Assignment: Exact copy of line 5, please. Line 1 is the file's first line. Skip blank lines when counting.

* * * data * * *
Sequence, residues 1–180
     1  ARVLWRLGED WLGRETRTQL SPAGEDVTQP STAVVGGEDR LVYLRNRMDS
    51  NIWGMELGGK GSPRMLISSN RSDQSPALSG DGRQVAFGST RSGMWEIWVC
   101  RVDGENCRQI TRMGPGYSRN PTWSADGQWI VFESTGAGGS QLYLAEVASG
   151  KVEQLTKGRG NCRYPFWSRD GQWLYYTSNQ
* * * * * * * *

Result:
   151  KVEQLTKGRG NCRYPFWSRD GQWLYYTSNQ